Never the twain shall meet
Til Earth and Sky stand presently at God’s great Judgment Seat.
I am not a man of traditional religion. My church-going activities are sparse, to say the least. I’m what I call A Christian in Crisis Only. Make me fearful or make me terrified or make me hurt deeply on an emotional level, and you’ll find me on my knees praying in a church or even on a back lawn somewhere. Other times I go blithely about my business. But that’s not the state I’m talking about when I bring God into this discussion.
To my small mind, limited as it is, I’ve been noticing a tendency at the extreme reaches of physics and the observable universe to touch the metaphysical. This is the phenomenon that’s called A universe not only stranger than we imagine, but a universe stranger than we *can* imagine. Today the metaphysical heresy is found from string theory to the Webb telescope. The cathedral of physics/ astronomy/ biology/ mathematics has its high priests, and what they are preaching from their visions of the far edges of the microsphere and the macrosphere on a lot of levels boggles the minds of lesser mortals. But we take them on, well, faith.
Mine is a primitive little mind driven by poetry and romanticism with a veneer of pragmatism to get through the day. I tend to look at the whole of what is now known and know that right now all we can know for certain is just how deeply ignorant we are. We’ve advanced at a great rate, but all this advancement has only gotten us is a vague inkling of what there really is left to know, to discover. And because of this, I think — or rather I believe — that what the human race is about to become, in a way we are too ignorant now to know, is a seed.
If we are home alone then, if we have any purpose whatsoever, we are a means by which the universe can not only know and perceive itself but also a way of whipping up a hot-fudge sundae for itself. (Not so trivial as you may think.) We’re certainly a driven form of matter. You see that around you every day. And we are impatient beasts. We want the stars and we want them now.
We are born knowing how to pounce, but we have to learn patience. We are greedy obsessive animals who don’t understand the gap between desire and gratification, and that creates no end of trouble for us. We think we are doing so many things wrong because as moral beings we can see what is wrong with what we do. Guilty creatures, we seldom think of all the things we are doing right, not the least of which is taking only about a century (an inch of time) to get out of Earth’s gravity well. It’s true that the furthest we have gotten is 13 billion miles, but it’s a start.
I guess I’ll have to take Pascal’s wager and go with God until there is evidence of absence. I’m on the side that believes we are here with some sort of purpose that we are not yet equipped to understand (Please recall that all we really are is a smart monkey.) Even though we don’t know why we do the things we do, but we will be driven outward, in time, until we do understand it. How, I do not know, but the hominid paddling a log across a river didn’t know about the International Space Station, did he?
Everybody needs something worthy of belief. I believe we have a purpose, and probably a purpose given to us by what I would call a God who sets things up and lets them roll. But for the rollout to work out, free will has to be in the mix. Otherwise, this one planet would be hip-deep in slime mold and that would be the end of the story. Since it isn’t, it comforts me to believe that we have greater ends in store for us and that, as a race, we will somehow make it through our current difficulties. Measured against the sweep of time and the universe, our present problems are quite trivial.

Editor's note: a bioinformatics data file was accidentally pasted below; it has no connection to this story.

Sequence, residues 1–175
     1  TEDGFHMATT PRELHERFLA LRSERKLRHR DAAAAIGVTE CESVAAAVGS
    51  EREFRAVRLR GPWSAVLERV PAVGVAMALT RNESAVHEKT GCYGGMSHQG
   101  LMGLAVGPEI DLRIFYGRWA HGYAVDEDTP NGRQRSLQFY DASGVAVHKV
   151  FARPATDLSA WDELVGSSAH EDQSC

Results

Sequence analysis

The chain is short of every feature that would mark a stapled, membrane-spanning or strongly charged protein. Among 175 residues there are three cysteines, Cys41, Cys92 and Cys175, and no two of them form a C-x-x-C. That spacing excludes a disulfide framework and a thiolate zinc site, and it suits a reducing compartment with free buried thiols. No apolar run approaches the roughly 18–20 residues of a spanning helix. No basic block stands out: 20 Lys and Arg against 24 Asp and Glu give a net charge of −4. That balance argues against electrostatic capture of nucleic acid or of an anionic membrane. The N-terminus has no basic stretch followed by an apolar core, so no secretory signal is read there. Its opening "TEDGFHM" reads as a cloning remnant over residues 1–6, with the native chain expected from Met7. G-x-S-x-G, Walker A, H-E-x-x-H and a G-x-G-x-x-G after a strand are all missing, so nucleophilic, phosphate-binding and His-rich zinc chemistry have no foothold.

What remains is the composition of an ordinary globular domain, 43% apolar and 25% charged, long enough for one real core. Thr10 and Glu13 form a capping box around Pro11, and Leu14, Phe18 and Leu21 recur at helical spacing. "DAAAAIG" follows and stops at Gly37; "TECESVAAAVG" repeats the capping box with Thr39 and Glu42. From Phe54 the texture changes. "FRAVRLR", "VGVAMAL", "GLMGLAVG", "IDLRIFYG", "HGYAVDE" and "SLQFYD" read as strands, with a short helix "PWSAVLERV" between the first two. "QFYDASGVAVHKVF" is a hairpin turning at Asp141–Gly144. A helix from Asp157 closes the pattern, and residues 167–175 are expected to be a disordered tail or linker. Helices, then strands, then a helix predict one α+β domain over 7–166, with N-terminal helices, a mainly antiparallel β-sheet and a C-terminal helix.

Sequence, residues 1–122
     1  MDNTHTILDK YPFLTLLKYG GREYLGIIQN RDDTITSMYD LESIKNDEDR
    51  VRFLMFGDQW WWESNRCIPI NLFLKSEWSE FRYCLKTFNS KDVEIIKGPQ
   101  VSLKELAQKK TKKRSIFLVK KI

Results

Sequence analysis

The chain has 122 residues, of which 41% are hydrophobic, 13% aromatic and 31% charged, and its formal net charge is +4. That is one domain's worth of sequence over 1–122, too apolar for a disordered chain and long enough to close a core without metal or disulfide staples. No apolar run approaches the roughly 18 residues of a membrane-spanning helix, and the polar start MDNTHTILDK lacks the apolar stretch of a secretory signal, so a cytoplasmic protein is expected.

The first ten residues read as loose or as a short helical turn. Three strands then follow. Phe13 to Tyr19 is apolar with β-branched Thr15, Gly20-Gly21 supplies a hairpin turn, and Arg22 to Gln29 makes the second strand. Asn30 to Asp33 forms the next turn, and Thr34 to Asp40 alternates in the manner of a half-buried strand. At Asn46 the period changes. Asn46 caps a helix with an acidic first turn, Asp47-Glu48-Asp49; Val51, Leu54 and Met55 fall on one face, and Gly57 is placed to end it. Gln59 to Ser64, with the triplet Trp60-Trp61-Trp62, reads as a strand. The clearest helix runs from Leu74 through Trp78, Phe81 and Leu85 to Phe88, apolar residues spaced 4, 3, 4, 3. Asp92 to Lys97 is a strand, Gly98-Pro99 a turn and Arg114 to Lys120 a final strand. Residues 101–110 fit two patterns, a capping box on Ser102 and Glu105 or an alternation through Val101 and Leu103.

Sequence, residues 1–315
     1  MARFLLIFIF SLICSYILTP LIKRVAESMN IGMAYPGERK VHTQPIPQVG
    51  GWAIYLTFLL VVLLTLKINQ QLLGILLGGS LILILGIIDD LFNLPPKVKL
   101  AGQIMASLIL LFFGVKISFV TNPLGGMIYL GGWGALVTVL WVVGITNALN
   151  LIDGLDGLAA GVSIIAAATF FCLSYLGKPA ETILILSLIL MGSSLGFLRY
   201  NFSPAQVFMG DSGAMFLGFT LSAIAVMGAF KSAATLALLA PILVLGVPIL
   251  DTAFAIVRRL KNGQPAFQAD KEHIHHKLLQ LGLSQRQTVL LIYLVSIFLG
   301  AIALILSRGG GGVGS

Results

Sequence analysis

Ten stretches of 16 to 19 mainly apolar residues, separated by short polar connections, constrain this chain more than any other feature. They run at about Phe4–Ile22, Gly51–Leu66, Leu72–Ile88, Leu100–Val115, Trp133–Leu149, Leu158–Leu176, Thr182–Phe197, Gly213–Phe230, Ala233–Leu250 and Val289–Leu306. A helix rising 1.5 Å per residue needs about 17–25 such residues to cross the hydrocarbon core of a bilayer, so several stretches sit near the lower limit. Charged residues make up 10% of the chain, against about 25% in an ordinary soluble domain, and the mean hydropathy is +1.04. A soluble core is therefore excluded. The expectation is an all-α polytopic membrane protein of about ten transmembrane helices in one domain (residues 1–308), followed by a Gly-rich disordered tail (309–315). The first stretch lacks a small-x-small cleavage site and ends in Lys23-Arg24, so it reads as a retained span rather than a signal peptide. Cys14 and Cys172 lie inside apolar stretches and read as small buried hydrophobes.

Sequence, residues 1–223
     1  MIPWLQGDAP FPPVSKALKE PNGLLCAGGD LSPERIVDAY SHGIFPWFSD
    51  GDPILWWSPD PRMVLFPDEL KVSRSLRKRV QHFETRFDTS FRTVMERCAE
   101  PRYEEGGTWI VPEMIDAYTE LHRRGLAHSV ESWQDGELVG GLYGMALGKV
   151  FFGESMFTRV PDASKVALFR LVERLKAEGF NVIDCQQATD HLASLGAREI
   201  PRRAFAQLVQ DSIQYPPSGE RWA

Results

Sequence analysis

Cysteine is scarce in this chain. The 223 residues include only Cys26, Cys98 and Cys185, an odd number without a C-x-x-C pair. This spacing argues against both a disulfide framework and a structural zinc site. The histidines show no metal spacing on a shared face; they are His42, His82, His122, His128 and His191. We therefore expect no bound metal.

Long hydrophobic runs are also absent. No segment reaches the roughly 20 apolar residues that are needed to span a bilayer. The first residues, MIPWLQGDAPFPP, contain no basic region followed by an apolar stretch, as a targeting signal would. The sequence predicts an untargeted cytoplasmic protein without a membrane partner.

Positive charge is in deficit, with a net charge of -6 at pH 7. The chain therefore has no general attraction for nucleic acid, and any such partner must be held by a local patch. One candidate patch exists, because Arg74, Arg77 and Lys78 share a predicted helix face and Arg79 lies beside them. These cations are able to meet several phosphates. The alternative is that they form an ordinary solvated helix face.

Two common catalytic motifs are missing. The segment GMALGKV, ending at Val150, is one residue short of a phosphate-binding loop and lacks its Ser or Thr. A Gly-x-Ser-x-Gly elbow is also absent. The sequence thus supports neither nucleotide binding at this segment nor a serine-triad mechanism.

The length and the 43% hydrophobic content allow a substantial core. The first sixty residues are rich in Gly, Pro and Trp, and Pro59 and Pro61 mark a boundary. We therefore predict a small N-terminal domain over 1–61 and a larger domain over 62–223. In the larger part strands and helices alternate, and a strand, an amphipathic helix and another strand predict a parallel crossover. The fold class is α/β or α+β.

Remember that the moon is already part of our story, if only for a golf shot. Mars? That will be added to the story soon. Beyond that, I cant see, but I do like Our Story So Far even if I dislike many of the chapters.
I like stories that don’t let you know the ending. Mars is one of them. I’ll be gone into God’s greater mystery before this chapter ends and the next begins. I like to think at some point well be at the part of the story where somebody like Gully Foyle in Alfred Bester’s The Stars My Destination stands up in front of a crowd somewhere and rants at them, Blow yourselves to Christ gone or come and find me. I make you men. I make you great. I give you the stars!
Or, in perhaps a less dramatic way, somebody says: We are here. The stars are there. It is only a matter of going.
We’re either alone in the universe or part of a maddening crowd. Either way, man, you gotta go.
If we do not go to Mars we will be like dung beetles on the last bolus of shit in an endless lifeless desert. We’ll cling harder and harder to the Earth, multiplying and strangling it. Resources that could go to expansion, instead go to more weapons to ensure that we have firm control over our little dung ball of nutrients, all the while depleting it and making it more uninhabitable. Unlike the dung beetles, there’s no elephant waiting around to drop us another one in the foreseeable future.
I think we’ve misinterpreted the slogan “Earth First.” Perhaps it really means “Earth’s the First stop of many on the line”.
Are we really alone? Will we, in the vernacular, blow it? I think the answer to the latter question is no. As for the former, well…
One of the many curses of free will is that it can remove, at will, God from the equation of the universe. But removing God does not remove the need to believe. The result is a host of secular faiths of which the assertion of Intelligent Life Is Everywhere (ILIE) is central to their catechisms.
No God means that Mind is God. No Soul means that Self is Soul. That is the religion that slaughtered 300 million souls in the last century and is winding up for round two in this one. The Intelligent Life Is Everywhere (ILIE) religion is a losers’ choice that ends not in the stars but in the killing fields. The choice of God’s way is the choice that leads to Mars and beyond — as a seed.
Me? I’m going for the win but Who really knows?
Wake me if we get a telegram from the Greater Magellanic Cloud.